Making new friends not so easy as an adult

Guy Dossi

I feel confident in saying that I’m starting to understand how this whole being an adult thing works. I know how to buy a house, I’ve yet to get divorced, and I’m only one or two more guitar purchases away from having to admit I have a problem. So yeah, I’m doing OK.

However, there’s one thing that I just can’t figure out. I’m sure I’m not the only adult who has run into this issue and I don’t know if there’s a real answer. But really, how does one make new friends as an adult?

At this point in my life, I’d have trouble filling a MySpace top-8 with friends. And that’s not because I’m a loser, but the older you get, the friends you once had move on and you only have two or three who you can actually call your friend. I’m currently in that boat.

I’ve got the lovely Mrs. Dossi, but she’s my wife. So, while she’s my best friend, it’s just not the same as having a buddy. I’ve got my cat, but I’m fairly confident that she’s planning a way to murder me, and I think she’s getting close, although I can’t prove it. I’ve got a couple of other friends sprinkled here and there, but that’s it. So again, how does an adult make new friends? As a kid, making friends was so simple. It could be as easy as, “Wait, you like the Giants and soda? Me, too!” And, boom, you’d have a new friend. I can’t do that as an adult. I can’t bump into a dude in the grocery store who has a Giants shirt on and a six-pack of Pepsi and ask if he’d like to hang out.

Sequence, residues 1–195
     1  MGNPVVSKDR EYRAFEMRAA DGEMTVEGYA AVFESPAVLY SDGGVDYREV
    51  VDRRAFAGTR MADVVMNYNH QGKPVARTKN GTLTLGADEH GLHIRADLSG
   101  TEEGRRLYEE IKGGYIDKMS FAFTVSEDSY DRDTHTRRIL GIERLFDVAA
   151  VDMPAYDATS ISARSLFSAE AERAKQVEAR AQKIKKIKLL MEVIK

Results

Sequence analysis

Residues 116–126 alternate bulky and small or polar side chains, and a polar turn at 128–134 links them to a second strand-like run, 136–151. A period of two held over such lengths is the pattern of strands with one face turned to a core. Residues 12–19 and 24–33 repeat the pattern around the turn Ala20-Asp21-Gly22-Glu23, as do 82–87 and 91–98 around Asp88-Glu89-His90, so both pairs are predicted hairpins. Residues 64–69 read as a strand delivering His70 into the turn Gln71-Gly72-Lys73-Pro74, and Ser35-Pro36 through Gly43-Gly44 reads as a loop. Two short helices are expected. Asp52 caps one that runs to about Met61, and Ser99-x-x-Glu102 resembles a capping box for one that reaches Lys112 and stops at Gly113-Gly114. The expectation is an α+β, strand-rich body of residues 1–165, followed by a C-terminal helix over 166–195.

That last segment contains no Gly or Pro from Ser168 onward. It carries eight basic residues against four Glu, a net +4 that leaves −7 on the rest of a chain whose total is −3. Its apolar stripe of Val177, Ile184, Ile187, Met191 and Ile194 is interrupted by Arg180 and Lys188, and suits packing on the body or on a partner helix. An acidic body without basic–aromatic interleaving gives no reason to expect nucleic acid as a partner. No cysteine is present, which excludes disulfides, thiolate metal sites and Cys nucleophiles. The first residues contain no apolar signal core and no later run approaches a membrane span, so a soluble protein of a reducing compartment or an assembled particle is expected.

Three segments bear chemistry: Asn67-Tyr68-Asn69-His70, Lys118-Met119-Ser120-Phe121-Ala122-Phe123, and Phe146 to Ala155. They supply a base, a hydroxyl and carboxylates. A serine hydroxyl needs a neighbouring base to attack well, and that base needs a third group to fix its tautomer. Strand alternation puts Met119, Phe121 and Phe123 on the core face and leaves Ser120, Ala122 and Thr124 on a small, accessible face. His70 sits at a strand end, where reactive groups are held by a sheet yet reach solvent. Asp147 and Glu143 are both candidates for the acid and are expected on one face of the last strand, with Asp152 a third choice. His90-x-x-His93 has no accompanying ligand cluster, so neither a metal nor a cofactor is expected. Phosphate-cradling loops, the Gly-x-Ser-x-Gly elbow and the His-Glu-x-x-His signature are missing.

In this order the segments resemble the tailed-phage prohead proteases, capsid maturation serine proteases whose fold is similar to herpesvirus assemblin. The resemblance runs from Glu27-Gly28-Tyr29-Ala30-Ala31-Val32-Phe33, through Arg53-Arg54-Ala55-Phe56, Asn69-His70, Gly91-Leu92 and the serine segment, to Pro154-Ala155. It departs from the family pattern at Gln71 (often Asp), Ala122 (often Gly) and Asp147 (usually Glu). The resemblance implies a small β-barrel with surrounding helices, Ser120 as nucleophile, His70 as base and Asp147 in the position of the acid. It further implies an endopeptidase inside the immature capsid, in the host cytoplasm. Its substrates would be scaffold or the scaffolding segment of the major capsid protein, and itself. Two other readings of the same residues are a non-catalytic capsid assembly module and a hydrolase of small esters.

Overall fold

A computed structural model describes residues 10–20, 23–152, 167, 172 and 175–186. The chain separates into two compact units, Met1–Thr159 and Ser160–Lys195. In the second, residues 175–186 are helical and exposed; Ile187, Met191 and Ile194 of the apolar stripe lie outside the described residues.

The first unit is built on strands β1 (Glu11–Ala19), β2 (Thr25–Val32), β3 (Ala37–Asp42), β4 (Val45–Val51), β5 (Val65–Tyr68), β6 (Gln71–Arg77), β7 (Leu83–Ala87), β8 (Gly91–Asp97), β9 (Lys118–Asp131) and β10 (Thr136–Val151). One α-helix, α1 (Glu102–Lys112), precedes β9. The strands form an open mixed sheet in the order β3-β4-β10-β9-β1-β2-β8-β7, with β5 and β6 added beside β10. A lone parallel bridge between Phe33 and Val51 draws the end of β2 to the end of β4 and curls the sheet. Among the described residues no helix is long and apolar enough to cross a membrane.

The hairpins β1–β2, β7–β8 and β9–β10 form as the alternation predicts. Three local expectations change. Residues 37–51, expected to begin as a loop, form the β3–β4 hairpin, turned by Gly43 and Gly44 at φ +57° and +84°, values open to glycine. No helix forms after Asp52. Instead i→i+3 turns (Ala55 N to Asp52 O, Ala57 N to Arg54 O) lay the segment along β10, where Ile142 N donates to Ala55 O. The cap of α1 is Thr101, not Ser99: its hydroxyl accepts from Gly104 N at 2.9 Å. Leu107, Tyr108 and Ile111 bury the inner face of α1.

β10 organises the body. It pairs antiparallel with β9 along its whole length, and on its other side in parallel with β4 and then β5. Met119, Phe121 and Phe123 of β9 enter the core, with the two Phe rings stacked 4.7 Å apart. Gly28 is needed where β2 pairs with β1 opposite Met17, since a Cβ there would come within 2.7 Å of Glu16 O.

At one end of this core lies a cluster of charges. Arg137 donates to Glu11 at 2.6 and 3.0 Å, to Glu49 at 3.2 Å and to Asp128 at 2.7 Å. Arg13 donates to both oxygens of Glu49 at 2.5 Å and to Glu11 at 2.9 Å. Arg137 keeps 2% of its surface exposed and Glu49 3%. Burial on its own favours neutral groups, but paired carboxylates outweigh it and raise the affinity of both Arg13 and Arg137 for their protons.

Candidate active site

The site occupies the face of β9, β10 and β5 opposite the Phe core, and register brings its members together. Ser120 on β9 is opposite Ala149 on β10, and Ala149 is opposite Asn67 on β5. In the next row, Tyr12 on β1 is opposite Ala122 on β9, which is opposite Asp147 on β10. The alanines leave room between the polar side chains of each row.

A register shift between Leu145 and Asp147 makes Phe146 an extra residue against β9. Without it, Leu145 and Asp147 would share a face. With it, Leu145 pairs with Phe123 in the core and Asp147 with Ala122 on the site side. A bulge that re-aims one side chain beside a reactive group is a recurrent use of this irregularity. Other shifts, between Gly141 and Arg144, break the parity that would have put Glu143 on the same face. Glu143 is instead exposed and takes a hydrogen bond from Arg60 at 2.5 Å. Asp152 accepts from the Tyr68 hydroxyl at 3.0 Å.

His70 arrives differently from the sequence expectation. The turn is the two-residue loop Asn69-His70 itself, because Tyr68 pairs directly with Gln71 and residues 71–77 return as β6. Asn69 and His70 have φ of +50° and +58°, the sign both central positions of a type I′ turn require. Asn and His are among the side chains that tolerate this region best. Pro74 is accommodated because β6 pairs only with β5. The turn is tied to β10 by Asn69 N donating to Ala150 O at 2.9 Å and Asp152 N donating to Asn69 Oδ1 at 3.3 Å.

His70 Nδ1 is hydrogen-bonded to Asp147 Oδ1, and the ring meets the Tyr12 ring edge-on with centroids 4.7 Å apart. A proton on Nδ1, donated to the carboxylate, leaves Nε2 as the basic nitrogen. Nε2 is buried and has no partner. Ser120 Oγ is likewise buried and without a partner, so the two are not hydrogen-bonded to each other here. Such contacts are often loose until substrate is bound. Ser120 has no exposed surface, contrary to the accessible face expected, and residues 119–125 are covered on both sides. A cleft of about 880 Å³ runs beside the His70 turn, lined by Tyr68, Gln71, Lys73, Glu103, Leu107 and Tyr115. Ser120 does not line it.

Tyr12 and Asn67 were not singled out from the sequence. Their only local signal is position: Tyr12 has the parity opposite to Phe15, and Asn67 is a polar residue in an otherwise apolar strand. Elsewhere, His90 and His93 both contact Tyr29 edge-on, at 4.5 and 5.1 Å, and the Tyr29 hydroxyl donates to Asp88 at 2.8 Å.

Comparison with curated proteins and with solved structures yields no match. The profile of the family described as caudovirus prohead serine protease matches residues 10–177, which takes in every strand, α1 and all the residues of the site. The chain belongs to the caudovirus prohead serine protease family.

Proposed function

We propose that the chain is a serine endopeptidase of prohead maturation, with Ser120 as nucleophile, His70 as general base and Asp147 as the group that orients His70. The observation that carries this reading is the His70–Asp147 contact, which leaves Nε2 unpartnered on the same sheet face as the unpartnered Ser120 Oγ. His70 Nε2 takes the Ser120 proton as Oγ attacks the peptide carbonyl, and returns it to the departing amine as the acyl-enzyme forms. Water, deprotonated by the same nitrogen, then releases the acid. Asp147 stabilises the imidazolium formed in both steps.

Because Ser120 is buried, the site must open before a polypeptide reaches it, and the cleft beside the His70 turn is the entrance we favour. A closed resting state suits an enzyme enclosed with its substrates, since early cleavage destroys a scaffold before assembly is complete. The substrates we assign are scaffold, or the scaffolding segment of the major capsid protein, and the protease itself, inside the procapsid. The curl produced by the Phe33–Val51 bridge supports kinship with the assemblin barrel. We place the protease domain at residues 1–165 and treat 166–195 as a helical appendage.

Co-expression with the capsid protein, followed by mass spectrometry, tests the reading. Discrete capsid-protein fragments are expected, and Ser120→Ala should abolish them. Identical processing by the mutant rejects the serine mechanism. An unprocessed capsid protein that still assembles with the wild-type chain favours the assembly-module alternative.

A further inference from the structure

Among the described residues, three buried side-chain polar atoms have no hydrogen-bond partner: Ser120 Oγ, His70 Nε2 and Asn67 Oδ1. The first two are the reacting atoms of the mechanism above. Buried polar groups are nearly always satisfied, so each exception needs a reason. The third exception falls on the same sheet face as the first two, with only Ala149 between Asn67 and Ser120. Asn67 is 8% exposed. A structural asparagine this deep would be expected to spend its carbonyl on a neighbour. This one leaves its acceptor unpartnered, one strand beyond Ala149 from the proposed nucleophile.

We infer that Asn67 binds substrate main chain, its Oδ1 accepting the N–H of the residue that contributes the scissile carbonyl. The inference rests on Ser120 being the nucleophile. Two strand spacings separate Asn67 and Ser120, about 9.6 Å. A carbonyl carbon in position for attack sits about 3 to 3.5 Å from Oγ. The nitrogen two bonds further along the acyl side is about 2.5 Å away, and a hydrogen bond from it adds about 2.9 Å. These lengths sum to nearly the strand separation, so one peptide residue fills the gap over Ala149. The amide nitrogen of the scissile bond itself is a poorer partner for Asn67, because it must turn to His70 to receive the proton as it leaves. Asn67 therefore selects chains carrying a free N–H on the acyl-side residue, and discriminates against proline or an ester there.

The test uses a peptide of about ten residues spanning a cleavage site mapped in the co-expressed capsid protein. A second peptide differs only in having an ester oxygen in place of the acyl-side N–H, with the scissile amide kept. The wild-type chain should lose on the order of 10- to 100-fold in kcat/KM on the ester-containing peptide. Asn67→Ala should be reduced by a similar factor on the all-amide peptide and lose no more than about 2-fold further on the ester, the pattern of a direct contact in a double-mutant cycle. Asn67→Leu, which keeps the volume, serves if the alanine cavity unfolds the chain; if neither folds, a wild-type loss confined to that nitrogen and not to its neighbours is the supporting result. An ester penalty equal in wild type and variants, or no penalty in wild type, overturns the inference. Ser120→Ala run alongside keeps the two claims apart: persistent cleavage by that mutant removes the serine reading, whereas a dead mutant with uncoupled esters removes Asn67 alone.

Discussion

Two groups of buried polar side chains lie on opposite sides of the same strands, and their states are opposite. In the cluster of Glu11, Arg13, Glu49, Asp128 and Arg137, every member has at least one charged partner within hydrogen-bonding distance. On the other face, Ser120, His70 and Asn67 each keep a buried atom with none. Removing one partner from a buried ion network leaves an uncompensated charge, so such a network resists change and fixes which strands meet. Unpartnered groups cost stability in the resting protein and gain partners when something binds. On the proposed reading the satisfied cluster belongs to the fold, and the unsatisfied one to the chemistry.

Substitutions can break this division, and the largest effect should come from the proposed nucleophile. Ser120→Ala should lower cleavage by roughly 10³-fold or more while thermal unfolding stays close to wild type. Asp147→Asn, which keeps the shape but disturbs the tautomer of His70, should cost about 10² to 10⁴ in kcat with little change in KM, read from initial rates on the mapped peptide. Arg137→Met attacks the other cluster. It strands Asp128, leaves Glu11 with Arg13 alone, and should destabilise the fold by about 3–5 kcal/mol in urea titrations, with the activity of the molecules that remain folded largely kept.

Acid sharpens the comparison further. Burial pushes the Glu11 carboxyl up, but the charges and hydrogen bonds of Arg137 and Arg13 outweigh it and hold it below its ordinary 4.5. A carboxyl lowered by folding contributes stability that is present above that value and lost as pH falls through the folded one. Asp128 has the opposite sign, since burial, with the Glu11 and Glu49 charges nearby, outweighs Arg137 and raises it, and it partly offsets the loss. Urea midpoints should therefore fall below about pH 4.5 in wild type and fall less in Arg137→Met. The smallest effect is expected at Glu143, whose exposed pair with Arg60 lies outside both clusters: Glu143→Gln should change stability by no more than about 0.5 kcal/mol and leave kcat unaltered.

It was almost easier to find a wife than a new friend. At least with finding a wife, she could understand what I was looking for and it’s not overly creepy, although I toed that line a number of times in my dating history. With a lady, I could say, “I think you are beautiful and I’d love just a moment of your company.” And if I was told, “no” – which happened more often than not – at least I tried. But with a dude, I don’t know what to say or how to even broach the situation.

When trying to make friends as an adult, there are so many more factors in play. You’ve got marital status. Let’s face it, married men and single men are no longer the same creature. Then there’s the children factor. If one party has kids, forget about it. Their lives, and rightfully so, revolve around their children and actually getting to hang out without kids is a once- or twice-a-year event that will end around 9:45 p.m.

And then there’s the other things like political views, religious beliefs, sense of humor, whether or not they drink, and by the time all that gets sorted out, it’s easier to just stay at home and watch reruns of “Seinfeld.”

There are plenty of times that I wish I could call up a buddy who lived a few minutes away and we could have a cigar and talk about life. But for now, that isn’t a possibility. Until that happens, I guess I’ll just continue to hang out with the cat. I’m OK with that, however, she isn’t overly thrilled.

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